Sorrell Is Wrong - Zero-Based Budgeting Is An Opportunity, Not A Problem

Sir Martin Sorrell announced at a conference I attended toward the end of last year that Zero-Based Budgeting (ZBB) was the biggest threat to the marketing and advertising industries that would bite in the next year, 2017.

To be honest, I'm sure this is a worry for the country's highest-paid executive, that huge mega contracts don't just roll over but are instead replaced by brands commissioning work as and when needed. But what I'm discovering from smaller agencies is that it could be a godsend.

The idea behind ZBB is simple enough. If you send the marketing department the same budget as you did last year at the start of the financial year, you can bet it will soon be allocated. However, if you instead start with zero and ask executives to say what they want to do in their latest project and how much they will need, that parcel of money allocated to them has a specific point. There's a purpose they want x thousand pounds for, and there is a direct result from that project that success can be measured against.

So you start from zero and work your way up bidding for budget as it is needed, rather than just shelling out massive retainers. It makes sense, but I recently discovered why so many marketing agencies and consultants think it makes perfect sense, and it's for a different reason altogether.

Anything that revolves around a retainer of any sort is currently being screwed down by the guys in procurement. They are more than happy to play bad cop and get rates slashed. However, with project-based work, marketing executives generally need something done in the short term and so don't want to get the accountants involved in a race to the bottom on fees. So instead, a project is there to be discussed without the accountants involved and the really big point here is that people I've been talking with reveal there is always more money for a short-term campaign than there is for activity that is part of a three-year mega deal.

The feedback I'm getting is that brand executives will generally approach the agencies they want to work with, and the resulting conversation is centred on what the results will be. It's a value discussion rather than just being about money. Don't get me wrong -- it's not all plane sailing. The stakes are higher because if money is set aside for one specific piece of work and it underperforms, it will soon be obvious. There's no losing a poor campaign within a three-year contract. ZBB means each project will stand out on its own for ROI on budget.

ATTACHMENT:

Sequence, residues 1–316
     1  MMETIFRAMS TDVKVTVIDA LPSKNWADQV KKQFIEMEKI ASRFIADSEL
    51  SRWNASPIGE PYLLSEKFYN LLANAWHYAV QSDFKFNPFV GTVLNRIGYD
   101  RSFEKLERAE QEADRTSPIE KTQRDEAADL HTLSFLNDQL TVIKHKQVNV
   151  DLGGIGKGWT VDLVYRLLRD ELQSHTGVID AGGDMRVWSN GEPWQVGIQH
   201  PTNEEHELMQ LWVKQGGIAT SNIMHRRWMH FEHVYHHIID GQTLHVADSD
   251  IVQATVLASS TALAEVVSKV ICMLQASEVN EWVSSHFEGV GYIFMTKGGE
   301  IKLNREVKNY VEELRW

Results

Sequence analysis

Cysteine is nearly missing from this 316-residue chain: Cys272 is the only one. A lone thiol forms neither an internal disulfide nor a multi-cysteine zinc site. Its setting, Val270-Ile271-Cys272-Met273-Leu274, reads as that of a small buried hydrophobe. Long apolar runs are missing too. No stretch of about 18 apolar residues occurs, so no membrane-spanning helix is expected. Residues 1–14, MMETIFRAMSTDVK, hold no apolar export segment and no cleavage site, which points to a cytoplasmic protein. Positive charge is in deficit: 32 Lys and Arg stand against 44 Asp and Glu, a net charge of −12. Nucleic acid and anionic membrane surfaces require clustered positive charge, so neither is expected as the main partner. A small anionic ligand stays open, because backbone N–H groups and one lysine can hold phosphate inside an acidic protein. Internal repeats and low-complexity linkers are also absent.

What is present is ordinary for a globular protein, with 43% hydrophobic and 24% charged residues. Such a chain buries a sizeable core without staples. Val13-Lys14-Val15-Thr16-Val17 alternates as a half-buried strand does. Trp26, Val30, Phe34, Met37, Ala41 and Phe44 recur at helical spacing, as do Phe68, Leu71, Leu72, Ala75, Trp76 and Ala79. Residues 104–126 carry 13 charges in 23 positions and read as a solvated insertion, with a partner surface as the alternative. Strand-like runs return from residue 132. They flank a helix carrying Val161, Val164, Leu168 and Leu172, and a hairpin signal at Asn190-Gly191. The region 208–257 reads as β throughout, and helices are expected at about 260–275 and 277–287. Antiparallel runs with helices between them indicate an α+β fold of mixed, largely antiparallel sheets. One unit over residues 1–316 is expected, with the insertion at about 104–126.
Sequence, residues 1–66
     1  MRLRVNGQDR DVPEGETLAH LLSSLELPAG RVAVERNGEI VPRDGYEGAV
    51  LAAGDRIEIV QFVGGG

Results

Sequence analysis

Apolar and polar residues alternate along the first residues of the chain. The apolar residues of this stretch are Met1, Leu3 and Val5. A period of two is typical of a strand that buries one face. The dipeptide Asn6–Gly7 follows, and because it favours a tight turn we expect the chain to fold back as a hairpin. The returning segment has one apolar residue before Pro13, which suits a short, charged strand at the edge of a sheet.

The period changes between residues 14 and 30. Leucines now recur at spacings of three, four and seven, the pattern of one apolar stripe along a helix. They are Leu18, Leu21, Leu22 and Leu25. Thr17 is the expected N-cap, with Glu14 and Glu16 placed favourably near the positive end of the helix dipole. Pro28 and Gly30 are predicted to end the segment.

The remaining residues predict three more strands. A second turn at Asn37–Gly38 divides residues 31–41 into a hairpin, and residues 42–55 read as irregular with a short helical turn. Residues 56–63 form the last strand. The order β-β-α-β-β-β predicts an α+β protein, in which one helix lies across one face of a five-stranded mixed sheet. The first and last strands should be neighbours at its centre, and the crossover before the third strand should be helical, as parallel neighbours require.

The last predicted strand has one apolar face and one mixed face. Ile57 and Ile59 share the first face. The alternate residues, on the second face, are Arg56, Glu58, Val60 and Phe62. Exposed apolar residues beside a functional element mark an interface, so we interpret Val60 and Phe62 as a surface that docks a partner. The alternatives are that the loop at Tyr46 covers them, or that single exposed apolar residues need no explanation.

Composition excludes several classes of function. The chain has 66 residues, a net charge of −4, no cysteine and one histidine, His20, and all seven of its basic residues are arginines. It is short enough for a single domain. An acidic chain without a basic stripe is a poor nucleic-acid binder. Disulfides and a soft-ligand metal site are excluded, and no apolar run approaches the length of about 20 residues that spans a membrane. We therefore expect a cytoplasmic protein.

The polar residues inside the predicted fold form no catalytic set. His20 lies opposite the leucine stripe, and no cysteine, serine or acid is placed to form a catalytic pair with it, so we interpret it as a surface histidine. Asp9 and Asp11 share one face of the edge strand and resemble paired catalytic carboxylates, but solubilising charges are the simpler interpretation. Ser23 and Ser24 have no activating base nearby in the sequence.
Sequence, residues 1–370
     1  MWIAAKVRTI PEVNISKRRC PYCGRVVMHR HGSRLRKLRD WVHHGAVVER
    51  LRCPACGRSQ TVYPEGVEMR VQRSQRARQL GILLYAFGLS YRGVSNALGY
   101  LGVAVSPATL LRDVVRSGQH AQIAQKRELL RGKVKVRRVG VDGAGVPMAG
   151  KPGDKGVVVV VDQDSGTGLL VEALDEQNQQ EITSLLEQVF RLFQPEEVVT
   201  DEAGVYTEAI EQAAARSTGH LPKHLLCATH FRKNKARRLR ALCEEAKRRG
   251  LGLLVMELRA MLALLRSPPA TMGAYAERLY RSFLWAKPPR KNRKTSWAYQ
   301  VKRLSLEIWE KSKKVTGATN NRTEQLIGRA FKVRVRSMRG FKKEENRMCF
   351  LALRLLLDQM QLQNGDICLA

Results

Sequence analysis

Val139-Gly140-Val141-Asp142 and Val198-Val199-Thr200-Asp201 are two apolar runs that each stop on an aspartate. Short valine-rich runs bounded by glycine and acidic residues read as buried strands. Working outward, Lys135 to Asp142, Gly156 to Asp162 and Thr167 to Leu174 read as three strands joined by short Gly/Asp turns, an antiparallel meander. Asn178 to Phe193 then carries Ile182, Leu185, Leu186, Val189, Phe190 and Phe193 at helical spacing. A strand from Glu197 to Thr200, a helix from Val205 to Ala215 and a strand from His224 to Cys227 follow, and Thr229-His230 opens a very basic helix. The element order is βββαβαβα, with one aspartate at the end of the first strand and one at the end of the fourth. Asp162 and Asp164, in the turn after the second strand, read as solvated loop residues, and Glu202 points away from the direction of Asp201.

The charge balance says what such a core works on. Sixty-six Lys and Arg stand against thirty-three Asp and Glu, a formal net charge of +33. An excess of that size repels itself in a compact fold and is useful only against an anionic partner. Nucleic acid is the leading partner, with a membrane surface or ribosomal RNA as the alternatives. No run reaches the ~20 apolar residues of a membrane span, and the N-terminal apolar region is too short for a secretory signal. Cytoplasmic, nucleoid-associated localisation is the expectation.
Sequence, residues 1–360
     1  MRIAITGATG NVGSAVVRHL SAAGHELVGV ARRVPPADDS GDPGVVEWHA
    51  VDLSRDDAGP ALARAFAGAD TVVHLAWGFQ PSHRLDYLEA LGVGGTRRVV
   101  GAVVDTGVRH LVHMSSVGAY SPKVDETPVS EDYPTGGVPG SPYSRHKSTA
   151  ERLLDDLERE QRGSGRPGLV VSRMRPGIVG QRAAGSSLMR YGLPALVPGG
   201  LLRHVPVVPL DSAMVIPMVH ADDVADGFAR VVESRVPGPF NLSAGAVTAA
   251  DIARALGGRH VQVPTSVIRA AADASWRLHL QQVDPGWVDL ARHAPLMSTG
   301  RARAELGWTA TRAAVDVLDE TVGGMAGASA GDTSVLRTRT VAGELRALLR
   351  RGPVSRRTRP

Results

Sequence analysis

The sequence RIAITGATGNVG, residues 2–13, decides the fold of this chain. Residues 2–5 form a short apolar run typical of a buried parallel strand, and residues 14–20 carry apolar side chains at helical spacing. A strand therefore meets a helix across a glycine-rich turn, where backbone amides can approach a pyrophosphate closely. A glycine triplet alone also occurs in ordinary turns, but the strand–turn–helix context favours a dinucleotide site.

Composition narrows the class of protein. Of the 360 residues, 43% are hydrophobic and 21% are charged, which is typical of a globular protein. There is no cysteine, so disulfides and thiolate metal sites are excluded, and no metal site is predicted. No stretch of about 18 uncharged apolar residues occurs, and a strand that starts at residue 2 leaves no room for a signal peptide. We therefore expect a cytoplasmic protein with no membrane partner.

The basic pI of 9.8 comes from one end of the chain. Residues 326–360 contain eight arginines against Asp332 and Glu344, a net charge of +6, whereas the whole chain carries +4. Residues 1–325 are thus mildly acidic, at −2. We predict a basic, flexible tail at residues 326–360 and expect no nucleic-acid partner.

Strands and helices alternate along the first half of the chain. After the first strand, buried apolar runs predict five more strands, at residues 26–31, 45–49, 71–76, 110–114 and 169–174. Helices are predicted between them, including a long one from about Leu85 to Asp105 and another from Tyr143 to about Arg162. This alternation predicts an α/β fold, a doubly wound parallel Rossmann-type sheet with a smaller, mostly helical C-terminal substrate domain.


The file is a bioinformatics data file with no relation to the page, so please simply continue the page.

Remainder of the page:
Nevertheless, the talk on the proverbial street is that agencies generally do not have a problem with this and actually welcome projects being commissioned around the value they add to the client's business. When results can be demonstrated and value proven, more cash is likely to follow. The point is that it will be on the same basis of orienting around the value that work represents, not just the cost.

From what I'm hearing, ZBB is being welcomed by a lot of agencies as the antidote to procurement and all discussions focused on cost. It's a return to talking about the value of marketing, not just the price -- and that's a welcome relief right now for many.

1 comment about "Sorrell Is Wrong - Zero-Based Budgeting Is An Opportunity, Not A Problem".
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  1. John Grono from GAP Research, February 3, 2017 at 4:57 p.m.

    ZBB is great in theory.   But I just pose this one question.

    What if in a large corporation encompassing dozens of brands, every brand's marketer did their ZBB fairly and honestly, and included the grandiose plans for product launches, relaunches, advertising and retail support that they had always harboured?

    They'd all go for the halo pass.   All the plans and budgets are submitted, the CFO tallies them all and finds expenses are up 50%.   The CEO says no way, maximum overall increase of 5% (and I reckon I'm being generous there).

    So, what would the point have been?   A lot of planning, costing and work done for close to zero result.   If there is to be a financial cap or constraint communicate it up front.   The CMO should then allocate the budget ranges according to the corporate strictures.   If there was a metric ROMDI (Return On Marketing Department Investment) ZBB would be at the bottom of the pile.

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